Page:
Yeast can activate in a metal bowl, but there are some considerations to keep in mind. Yeast is a microorganism that ferments and produces carbon dioxide gas when it consumes sugars.
This process is crucial for leavening bread and other baked goods. When activating yeast, you typically mix it with warm water and a small amount of sugar to provide the yeast with a food source.
Can I Let My Bread Dough Rise In The Mixer Bowl?
It is fine to use a stainless-steel bowl. You should avoid aluminum (and copper, if someone makes such a mixer) because they’re reactive, especially if you’re making sourdough. It is very sensitive to metal ions when it comes to yeast.
When a metal bowl sits in a 70°F room, it is 70°F (at least if it has been sitting there for a while). It’s also 70°F in any other bowl sitting in the same room, whether it’s plastic, glass, ceramic, or anything else. There is no difference in temperature between them.
You can tell that the metal bowl feels cooler when you touch it than the plastic bowl. Your finger isn’t 70°F, and metal transfers body heat away faster than plastic (for instance).
Regardless of the dough’s temperature, it won’t matter because it won’t lose heat. Dough does not generate much heat by itself.
Using a metal bowl would help your dough cool more quickly if it started at above room temperature. You would be better off keeping it in a warm place if you wanted to prevent it from cooling.
How I Use A Stainless-Steel Bowl To Let Dough Rise
When I use my mixer bowl, I always use stainless steel. Moisture and warmth are the keys, in my experience. To any bread recipe I prepare, I add the following steps:
- When my yeast is blooming, I prewarm the mixer bowl in the oven for a few minutes.
- To make sure the dough and the bowl are both coated with oil, I turn the dough out after I have kneaded it. I then wipe the bowl out, add oil, and coat the dough.
- The bowl and pan of hot water were then placed in the oven.
- Open the oven door and set the oven to “warm.” You now have a lovely, moist womb in which the dough can rise.
I’ve never had a problem with this method. Try it 🙂
Tips for Yeast Doughs
Making things with yeast can be frightening for a lot of people. There will be moments when they’re scary, but they’ll also be times when they’ll be very rewarding. Everyone needs to know the following tips about yeast dough:
- The use of shortening can result in lighter, fluffier breads, but the taste of butter is unsurpassed. It’s almost always better to go with butter.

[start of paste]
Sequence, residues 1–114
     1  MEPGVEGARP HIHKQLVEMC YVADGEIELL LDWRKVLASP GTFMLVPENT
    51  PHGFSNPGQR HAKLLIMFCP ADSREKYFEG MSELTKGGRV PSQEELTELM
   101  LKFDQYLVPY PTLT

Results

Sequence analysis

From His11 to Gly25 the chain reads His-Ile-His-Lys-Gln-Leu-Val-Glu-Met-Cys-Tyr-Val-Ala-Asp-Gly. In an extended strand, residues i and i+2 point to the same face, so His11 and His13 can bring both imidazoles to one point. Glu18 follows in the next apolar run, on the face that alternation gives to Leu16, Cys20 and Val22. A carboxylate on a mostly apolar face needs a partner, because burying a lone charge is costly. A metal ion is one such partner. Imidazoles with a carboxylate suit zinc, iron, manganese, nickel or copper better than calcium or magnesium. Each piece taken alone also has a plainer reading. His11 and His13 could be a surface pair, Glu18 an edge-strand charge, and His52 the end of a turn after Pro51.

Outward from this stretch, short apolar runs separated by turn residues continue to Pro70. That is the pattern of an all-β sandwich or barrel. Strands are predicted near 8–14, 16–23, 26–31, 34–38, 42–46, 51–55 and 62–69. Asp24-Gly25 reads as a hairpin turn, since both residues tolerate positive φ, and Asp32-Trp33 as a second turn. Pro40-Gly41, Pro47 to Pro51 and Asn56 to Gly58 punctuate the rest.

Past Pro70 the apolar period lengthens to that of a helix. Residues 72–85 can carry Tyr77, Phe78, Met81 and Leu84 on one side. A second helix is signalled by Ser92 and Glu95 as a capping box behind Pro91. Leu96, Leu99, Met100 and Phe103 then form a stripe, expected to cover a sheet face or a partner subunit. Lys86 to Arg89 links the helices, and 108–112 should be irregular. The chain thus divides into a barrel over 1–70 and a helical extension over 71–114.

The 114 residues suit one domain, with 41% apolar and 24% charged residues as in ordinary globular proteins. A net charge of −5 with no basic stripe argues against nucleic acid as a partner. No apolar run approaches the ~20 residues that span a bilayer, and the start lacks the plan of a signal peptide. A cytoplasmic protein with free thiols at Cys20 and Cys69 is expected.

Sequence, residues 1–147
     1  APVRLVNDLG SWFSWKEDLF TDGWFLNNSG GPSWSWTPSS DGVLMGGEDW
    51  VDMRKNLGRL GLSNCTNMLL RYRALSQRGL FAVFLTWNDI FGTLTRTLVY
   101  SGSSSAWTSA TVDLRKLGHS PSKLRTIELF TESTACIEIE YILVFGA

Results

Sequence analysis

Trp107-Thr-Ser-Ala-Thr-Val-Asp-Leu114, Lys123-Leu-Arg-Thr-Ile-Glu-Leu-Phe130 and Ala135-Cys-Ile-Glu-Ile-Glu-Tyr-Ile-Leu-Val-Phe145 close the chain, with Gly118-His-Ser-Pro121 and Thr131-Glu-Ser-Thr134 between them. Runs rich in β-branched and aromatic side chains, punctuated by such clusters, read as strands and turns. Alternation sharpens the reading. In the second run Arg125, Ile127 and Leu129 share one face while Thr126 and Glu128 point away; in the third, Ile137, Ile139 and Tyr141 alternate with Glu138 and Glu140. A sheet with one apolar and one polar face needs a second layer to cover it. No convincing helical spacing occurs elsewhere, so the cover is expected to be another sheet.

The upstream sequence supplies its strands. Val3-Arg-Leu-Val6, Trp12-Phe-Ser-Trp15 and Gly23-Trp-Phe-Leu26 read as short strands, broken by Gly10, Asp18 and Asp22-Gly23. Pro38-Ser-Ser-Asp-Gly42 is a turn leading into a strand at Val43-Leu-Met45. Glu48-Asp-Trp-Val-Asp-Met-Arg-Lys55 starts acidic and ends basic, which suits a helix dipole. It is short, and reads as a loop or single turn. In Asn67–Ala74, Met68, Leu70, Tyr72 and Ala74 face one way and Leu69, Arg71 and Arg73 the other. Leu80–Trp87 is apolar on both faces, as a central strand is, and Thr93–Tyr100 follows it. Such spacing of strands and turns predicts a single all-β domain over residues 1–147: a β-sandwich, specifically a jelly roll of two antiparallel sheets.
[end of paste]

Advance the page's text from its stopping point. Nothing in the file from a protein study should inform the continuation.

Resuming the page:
- The dough will be soft if you brush it with butter; it will be crispy if you brush it with olive oil.
- It is important not to add too much flour to a soft dough when it rises the first time. You can always add more flour, but once the flour is in the dough, you can’t take it out. Err on the side of not adding enough flour rather than adding too much.
- When you use your hands to knead, you use more flour than if you use a Bosch or Kitchenaid.
- Patience is key. There is a long waiting period for yeast breads.
- Make sure the dough is rising in a metal or glass bowl. Heat is retained better in them than in plastic bowls, and the batter will rise more quickly.
- Before adding the dough, make sure your bowl is warm by running it under some hot water (and then drying it, then spraying it with nonstick cooking spray for easy cleanup).
- Salt kills yeast, sugar feeds it. Adding yeast to other ingredients after it dissolves and rises activates it enough to keep the salt from killing it. You can add sugar to your yeast if it’s not bubbling.
- Keeping your kitchen warmer than usual is a good idea. You can extend the life of your yeast by keeping it in the freezer.
- You’ll want to make sure the liquid you use to dissolve the yeast is warm enough (between 100-115) to allow the yeast to grow, but not too hot, since that will kill the yeast.
- The temperature should be high enough to take a hot shower, but not so hot that you cannot wash your hair or face.
- Even if you don’t have a bread machine, use bread machine yeast (such as Red Star brand). It’s more forgiving and temperamental.
Does The Material Of A Bowl Affect Yeast Growth?
The answer is yes, but not at that stage. Reconstitution of the yeast is not important but fermenting in a reactive metal bowl (non-stainless) is not recommended.
The short answer is no, in most kitchen scenarios.
The longer, more accurate (but useless) answer is: Yes, but only if you take it too far. For example, a silver bowl or a bowl made of microban plastic have antimicrobial properties.
If a small amount of bamboo contacts yeast, it can kill it. Your yeast’s day (and anyone who eats anything from that bowl) will really be ruined by a bowl made of potassium cyanide and an inert bonding agent.
If you keep your mixer bowl in a dry, warm place, your dough will rise faster if you let it rise in it. In general, yeast does not mind the material of your bowl as long as it is not poisonous.